POST WRITTEN BY
Owner at GetRichEducation.com – groundbreaking original real estate investing blogs, podcasts, and videos to build your financial freedom.
As a 17-year real estate investor, I could also be the northernmost real estate professional you know. You might have heard about the magnitude 7.0 earthquake that recently struck my hometown of Anchorage, Alaska.
It made world news: Highways collapsed; structures crumbled; power went off. Water mains broke across this city of nearly 300,000 people; over 300 gas leaks were reported; residents needed to boil drinking water for safety; many Anchorage television stations went off-air. The hits just kept on coming. Soon, a tsunami warning threatened our sea-level city, but it was lifted.
When it struck, I was at home. My house and body rattled violently for what seemed like an eternity. My wife was across town. Was she all right? Once it ended and loved ones were accounted for, it felt miraculous that our own home only suffered broken glass and knickknacks. No one died. Some schools and businesses were damaged such that they needed to close for the long term. Many homes were rendered uninhabitable. The president tweeted support.
The quake and its aftershocks made us feel dispirited, small and vulnerable. I faced an undeniable realization that a power greater than me controlled my body, family and property.
The astounding fact that this was a zero-fatality event is a tribute to seismic construction and engineering standards. For comparison, a tragic 2010 Haitian magnitude 7.0 event resulted in hundreds of thousands of deaths.
When it was all sorted out, my Anchorage-area apartment buildings’ interior walls showed surface cracks. The properties sustained perhaps $20,000 of superficial damage — not structural. I felt lucky; things could have been far worse. A 1964 earthquake in the region jarred the earth with an incomprehensible magnitude of 9.2, the second-most powerful in world history. Southcentral Alaska lies in an area of tectonic plate movement. The Pacific Plate keeps subducting beneath the North American plate. It will happen here again.
Even if you don’t live in an earthquake-prone area like Japan, California or Alaska, there’s a big real estate lesson in this for you.
I am intentionally completely uninsured for all this. Here’s why:
• Earthquake insurance (EI) is not a standard part of homeowner’s or landlord’s insurance. It’s a separate catastrophic policy.
• Premiums for EI are somewhat pricey. In my experience, insuring a $500,000 home for earthquake damage costs about $1,750 annually, on top of regular homeowner’s insurance.
• Deductibles run about 10-20% of the property value. That means that before a claim could even be made, a policy holder would have to pay $50,000 to $100,000 out of pocket on a $500,000 home.
• Mortgage companies don’t require EI.
• Few Anchorage residents carry EI.
• As expected, the governor promptly declared a state of emergency. When this happens, you may be able to apply for a government grant to pay damages on your primary residence. So why would anyone who pays attention to “how the world works” buy optional EI?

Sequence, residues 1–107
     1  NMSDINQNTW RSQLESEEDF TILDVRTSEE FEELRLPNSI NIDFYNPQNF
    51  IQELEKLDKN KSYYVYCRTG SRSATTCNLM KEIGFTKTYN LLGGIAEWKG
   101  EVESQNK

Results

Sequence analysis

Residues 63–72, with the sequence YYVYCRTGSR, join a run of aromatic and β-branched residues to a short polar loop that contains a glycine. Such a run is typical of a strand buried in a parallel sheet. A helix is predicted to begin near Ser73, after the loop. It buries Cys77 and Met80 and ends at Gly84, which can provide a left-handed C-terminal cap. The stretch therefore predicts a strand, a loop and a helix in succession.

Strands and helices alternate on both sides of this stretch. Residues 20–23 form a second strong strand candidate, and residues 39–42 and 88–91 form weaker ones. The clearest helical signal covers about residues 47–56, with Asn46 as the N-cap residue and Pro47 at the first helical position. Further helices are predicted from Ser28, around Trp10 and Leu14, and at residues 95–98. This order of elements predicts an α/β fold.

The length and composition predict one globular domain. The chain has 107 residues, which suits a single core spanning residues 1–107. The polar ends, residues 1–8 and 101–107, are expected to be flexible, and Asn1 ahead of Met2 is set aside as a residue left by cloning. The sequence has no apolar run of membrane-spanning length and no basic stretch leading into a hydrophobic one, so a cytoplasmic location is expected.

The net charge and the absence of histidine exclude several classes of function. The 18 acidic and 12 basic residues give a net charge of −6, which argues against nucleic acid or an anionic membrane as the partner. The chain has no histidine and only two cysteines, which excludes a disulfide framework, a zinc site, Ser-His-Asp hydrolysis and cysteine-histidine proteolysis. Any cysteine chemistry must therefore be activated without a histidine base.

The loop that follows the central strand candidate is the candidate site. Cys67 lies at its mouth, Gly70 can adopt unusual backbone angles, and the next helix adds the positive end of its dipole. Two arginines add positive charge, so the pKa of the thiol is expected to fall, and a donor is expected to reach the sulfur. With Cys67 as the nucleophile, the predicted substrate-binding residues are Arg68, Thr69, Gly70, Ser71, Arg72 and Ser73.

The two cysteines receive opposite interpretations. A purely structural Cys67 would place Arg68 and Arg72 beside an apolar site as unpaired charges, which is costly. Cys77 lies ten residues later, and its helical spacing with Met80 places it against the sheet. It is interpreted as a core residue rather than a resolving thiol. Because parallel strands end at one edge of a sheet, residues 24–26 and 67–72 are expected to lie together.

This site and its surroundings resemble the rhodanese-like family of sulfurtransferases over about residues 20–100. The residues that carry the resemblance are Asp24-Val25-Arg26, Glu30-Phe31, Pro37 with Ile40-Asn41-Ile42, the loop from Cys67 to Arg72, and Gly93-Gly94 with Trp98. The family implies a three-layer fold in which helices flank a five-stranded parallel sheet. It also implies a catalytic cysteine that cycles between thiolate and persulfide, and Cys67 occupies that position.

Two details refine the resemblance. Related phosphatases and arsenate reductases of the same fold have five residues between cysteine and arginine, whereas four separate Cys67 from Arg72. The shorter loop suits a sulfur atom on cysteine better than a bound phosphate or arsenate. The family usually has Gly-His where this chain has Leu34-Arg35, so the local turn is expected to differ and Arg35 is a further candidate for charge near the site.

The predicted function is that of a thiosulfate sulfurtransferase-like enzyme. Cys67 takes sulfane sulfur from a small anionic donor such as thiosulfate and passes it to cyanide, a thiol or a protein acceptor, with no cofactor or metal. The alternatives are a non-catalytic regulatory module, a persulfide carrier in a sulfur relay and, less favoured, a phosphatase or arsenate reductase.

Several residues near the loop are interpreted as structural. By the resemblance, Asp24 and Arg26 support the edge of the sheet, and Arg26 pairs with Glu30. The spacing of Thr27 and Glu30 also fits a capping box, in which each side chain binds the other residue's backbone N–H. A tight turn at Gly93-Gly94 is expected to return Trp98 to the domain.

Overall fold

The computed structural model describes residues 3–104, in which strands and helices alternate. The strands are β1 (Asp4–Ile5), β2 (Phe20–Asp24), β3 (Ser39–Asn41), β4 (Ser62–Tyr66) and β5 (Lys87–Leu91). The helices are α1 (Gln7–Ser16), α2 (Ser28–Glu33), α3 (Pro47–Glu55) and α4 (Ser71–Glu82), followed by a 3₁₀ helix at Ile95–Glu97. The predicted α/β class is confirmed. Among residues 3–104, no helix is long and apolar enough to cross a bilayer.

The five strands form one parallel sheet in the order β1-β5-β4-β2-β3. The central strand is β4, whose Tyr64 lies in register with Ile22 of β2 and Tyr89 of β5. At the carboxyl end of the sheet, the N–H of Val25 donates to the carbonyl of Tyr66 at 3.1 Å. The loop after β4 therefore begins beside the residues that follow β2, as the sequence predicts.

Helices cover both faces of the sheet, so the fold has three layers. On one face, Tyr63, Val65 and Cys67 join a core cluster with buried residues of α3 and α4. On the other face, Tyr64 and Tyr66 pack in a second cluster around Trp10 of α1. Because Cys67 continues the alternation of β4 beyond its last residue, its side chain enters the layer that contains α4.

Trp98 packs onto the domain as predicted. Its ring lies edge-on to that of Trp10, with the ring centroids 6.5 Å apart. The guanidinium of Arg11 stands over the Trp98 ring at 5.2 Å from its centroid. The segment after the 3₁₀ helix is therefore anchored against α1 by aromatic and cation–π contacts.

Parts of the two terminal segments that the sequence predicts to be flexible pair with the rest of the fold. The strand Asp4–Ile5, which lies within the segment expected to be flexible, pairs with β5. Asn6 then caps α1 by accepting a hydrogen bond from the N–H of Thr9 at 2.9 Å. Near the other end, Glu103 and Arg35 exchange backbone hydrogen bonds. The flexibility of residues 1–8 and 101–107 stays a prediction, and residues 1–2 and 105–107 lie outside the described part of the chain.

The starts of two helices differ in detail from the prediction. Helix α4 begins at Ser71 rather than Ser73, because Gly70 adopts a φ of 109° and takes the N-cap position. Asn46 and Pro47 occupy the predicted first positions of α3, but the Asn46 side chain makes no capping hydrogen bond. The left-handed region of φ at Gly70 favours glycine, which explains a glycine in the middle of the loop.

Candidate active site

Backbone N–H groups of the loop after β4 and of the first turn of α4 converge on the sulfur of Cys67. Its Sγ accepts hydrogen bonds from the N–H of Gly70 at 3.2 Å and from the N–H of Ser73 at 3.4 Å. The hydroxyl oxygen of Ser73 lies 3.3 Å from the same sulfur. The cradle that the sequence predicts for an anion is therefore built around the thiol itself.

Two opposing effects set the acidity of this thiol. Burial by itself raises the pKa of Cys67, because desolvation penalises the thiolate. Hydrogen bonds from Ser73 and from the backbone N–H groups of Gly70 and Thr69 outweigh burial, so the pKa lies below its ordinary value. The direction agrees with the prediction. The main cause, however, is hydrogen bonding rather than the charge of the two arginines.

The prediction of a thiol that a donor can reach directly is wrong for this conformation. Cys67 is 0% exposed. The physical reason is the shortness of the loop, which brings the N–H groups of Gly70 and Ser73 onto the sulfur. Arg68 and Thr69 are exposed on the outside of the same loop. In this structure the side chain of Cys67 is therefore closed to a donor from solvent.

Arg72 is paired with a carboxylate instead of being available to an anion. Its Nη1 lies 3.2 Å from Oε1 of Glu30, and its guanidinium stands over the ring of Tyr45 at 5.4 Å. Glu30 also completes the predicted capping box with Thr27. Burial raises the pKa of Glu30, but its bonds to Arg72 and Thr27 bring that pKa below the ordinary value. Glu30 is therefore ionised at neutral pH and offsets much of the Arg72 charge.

Details of my personal situation factored into the decision to skip EI, too: I strategically keep low equity positions in my properties, say 20%. This way, even if the properties were flattened, the bank can be an enthusiastic aide in my financial health. They’ll advocate on my behalf with insurers and grant administrators, because the bank has 80% skin in the game, and I have 20%. They have four times as much to lose as I do. You might say I’m “self-insured.”
Certainly, there are more complex issues of LLCs and recourse loans, etc., but let’s keep this discussion simple.
Maintaining a low equity position locally also means that you have more equity that you can use to diversify into holdings in multiple geographic markets. For example, owning property in diverse cities, states and countries hedges you against natural disasters, local recessions, government policy change and more. Perhaps the greatest mistake that real estate investors make is that they’re only invested in one geographic market.
During the earthquake, my wife’s and my nerves were rattled, and still are with each aftershock — but my investing strategy wasn’t rattled at all. In fact, it might be the only thing that Anchorage’s awful earthquake solidified. Here are five key takeaways for smart investors from a harrowing experience:
1. Be invested in multiple markets for diversification.
2. Earthquake insurance is often a waste of your money.
3. Home equity is unsafe and illiquid, and its rate of return is always zero. So why accumulate substantial equity in any one property? Don’t discount renting your home: Paying rent is not the same as throwing money away.
4. Low equity positions mean you can own more property with the same equity.
5. Low equity means high leverage ratios. With positive cash flow, leverage creates wealth faster than compound interest.
Real estate risks are everywhere: hurricanes, floods, economic downturns, law changes that suddenly benefit tenants over landlords or new rent control measures. Consider how much equity you place in any one property, and be sure that your real estate empire spans multiple markets. Even the best investors don’t eliminate risk. They manage risk well.